As best seen in FIG. 5, seated on the shallow and shortened ribs 61 in some of the channels 22 of the shell members 12 are reservoir elements 64 of porous sintered metal which contain excess electrolyte. The reservoir elements 64 are of truncated triangular cross section with their apices being disposed in contact with the anodes 54. Depending upon the moisture content of the air passing through the channels 22, electrolyte will be transferred to and from the matrix member 62 through the anodes 54 to maintain the desired electrolyte level therewithin.
As seen in FIGS. 2-5, the matrix member 62 is of greater length and width dimensions than the body portions 18,34 of the shell and intermediate members 12,14, so that it extends between the peripheral portions 16,32 and beyond the margins of the anode 54 and cathode 60. When the several elements of the housing assembly 10 are clamped together tightly, the matrix member 62 is compressed between the peripheral portions 16,32 to effect a seal about the operative portion of the cells. The matrix member 62 also serves to insulate the conductive shell and intermediate members 12,14 from each other except to the extent that current passes through the electrolyte-containing portion thereof between the anode and cathode 54,60.
As seen in FIG. 2, the matrix member 62 also has a finger portion 68 projecting from the body thereof between the projecting portions 46,48 of the shell and intermediate members 12,14 and over the hydrogen discharge channels 40. This serves to effect sealing thereabout and to facilitate the flow of hydrogen along the channel 40 to the discharge aperture 30. The fastener elements 41 seated in the mounting apertures 28,44 to secure the cell housing assemblies 10 in assembly and the insulating sleeves 43 which are disposed in the intermediate members 14 about the fasteners so as to provide insulation therefor. The fasteners 41, however, provide the means for conducting current between the shell members 12 and thus to the anodes 54, while the conductor stud 67 provides the electrical connection to the several intermediate elements 14 and thereby to the cathodes 60.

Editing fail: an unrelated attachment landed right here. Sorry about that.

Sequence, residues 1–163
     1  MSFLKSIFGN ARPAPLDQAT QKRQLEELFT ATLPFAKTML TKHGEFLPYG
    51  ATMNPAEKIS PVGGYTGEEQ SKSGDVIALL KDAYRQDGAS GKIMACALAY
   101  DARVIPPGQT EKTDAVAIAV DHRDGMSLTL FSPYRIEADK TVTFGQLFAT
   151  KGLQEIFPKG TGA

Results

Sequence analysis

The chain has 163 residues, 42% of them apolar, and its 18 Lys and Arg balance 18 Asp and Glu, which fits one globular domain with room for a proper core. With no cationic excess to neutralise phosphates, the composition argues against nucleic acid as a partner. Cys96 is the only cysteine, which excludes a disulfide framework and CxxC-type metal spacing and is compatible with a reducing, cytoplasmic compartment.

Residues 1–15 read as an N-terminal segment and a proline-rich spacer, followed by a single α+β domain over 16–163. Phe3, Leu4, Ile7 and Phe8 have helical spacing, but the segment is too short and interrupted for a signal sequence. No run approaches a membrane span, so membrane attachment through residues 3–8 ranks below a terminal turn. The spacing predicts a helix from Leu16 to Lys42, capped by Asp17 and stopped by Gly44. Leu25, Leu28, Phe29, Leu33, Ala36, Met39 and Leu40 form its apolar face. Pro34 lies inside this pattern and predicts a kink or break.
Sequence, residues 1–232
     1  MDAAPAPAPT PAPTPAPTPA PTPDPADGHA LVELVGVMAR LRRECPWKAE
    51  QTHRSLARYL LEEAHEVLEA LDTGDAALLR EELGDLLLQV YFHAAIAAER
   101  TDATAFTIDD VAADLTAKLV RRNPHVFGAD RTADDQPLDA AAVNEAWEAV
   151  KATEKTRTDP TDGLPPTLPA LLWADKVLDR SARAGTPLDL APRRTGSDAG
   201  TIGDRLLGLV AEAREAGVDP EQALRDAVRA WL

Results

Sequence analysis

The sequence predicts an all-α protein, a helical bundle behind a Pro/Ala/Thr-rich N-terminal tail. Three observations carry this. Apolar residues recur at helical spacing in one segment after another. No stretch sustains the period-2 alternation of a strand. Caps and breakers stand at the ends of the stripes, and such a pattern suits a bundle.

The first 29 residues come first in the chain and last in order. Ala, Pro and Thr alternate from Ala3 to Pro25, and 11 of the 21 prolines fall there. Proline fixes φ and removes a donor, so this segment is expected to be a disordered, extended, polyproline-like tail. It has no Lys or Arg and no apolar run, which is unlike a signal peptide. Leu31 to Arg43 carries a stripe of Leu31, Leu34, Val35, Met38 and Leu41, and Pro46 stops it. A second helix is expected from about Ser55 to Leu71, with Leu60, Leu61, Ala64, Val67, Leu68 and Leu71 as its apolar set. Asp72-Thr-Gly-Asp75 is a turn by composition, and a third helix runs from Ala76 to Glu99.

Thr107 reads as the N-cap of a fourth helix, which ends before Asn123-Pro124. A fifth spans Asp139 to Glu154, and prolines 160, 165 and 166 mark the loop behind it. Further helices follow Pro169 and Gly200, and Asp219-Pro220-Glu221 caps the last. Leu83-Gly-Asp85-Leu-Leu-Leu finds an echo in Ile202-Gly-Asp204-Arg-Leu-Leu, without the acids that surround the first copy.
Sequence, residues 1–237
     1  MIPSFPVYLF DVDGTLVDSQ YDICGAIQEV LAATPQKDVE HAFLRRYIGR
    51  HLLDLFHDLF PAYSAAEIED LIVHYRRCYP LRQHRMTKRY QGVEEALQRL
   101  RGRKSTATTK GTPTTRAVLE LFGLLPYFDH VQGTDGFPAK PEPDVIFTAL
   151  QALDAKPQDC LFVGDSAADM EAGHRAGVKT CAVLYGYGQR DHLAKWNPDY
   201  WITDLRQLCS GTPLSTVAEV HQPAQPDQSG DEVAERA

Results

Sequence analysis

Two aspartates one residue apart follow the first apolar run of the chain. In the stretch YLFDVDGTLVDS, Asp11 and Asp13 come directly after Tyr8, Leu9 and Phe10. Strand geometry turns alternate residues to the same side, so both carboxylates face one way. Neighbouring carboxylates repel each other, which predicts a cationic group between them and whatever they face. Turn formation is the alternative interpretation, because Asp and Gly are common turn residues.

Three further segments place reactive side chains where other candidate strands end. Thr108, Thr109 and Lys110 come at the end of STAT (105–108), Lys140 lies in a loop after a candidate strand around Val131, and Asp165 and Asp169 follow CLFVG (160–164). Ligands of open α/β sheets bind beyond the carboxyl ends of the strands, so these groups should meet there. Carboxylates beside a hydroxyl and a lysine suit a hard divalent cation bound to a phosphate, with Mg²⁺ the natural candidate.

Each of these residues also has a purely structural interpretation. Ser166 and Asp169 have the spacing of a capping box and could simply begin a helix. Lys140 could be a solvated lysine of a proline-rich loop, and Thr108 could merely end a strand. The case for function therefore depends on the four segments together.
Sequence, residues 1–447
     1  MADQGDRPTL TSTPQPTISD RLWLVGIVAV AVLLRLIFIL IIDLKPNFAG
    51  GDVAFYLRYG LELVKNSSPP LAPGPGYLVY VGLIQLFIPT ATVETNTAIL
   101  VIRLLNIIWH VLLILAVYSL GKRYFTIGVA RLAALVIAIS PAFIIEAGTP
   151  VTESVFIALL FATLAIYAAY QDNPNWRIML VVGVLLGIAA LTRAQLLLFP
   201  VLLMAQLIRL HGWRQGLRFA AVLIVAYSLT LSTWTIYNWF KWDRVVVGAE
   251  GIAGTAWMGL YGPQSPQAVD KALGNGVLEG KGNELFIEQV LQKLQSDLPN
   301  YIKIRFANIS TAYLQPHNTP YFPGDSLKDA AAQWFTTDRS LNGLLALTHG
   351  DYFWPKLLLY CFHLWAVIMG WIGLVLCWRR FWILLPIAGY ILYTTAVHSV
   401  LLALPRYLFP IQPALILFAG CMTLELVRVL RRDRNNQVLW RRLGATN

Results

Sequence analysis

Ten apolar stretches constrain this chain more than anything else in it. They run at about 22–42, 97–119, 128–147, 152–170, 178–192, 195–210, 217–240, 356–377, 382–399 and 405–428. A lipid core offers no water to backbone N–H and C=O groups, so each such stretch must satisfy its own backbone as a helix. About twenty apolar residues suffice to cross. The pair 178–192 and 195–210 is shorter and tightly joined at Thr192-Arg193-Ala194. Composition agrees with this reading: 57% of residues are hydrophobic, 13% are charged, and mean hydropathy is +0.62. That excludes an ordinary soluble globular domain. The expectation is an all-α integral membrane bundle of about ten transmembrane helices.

Turning now to FIG. 6, therein diagrammatically illustrated in a converter embodying the present invention. In this embodiment, twenty cell housing assemblies 10 of the type illustrated in FIGS. 1-5 are assembled to provide the basic cell subassembly 100 and a source of DC power 102 is connected thereto. Air from the environment is drawn into the fan 104 through the inlet 106 and conducted into the cell 100 for contact with the anodes thereof. Initially, the air exiting from the fan 104 passes through the conduit 105 over a pressure transducer 108 and through a cutoff valve 110, and its relative humidity is determined by the sensor 112.
The oxygen enriched air stream exits from the cell 100 through the conduit 115 and then passes by the pressure transducer 114 through the shutoff valve 116, through the filter 118 and through the hydrogen gas sensors 120, before being discharged to the atmosphere. The partial pressure of oxygen in the air being issued from the converter is determined by the transducer 122.
The hydrogen produced by the cell assembly 100 exits through the conduit 117, passes through the check valve 126 and through the flow meter 128 before being conducted to appropriate instrumentation for the use thereof. The control electronics system is generally designated by the numeral 124 and receives signals from the various elements within the apparatus and will effect shutdown in the event that malfunctioning is determined. Upon shutdown automatically or manually, the cell assembly 100 is purged of hydrogen by nitrogen introduced thereinto through the valve 130, check valve 132 and solenoid valve 134.
Turning now to FIG. 7, a substantially self-contained converter apparatus is illustrated as being comprised of the housing 80, having a cell receptacle 82 in which are disposed a multiplicity of cell housing assemblies. The instrumentation providing the readouts for the various transducers and meters is shown generally by the numeral 84 and the manually operable cutoff valves are shown generally by the numeral 86. Mounted on the housing is the fan 104 having its inlet 106 and air from the fan 104 is conducted through a conduit (not shown) into the cell receptacle 82 wherein it passes through the cell housing assemblies. The moisture in the air is electrolytically converted into hydrogen and oxygen with the oxygen-enriched air stream discharged through the vent 90 and with the hydrogen being discharged through the hydrogen conduit 92. Not shown in this diagrammatic illustration of the assembly are the DC power source and the nitrogen source, as well as various of the fittings and components.
The substrate for the anode may comprise tantalum, gold or titanium, but tantalum is preferred because of the combination of low cost, inertness and resistance to hydrogen embrittlement. The substrate may vary from as little as 0.003 to as much as 0.015 inch in thickness, and the foraminous structure may provide as little as 500 to as many as 1,500 pores per square inch, and even more. Although screens may be employed, expanded mesh structures have been found particularly advantageous.
For the metal of the cathode, gold, platinum, palladium and tantalum are preferred because of their inertness and their resistance to hydrogen embrittlement. Since hydrogen is being evolved in the cathode, titanium may be employed only if it is provided with a protective electroplated deposit of gold or the like. The cathode is conveniently of the same range of thickness as the anode and desirably exhibits the same degree of porosity by use of a similar expanded metal or screen structure. To provide the desired catalytic effect, a catalytic coating of platinum black with a resin binder is used.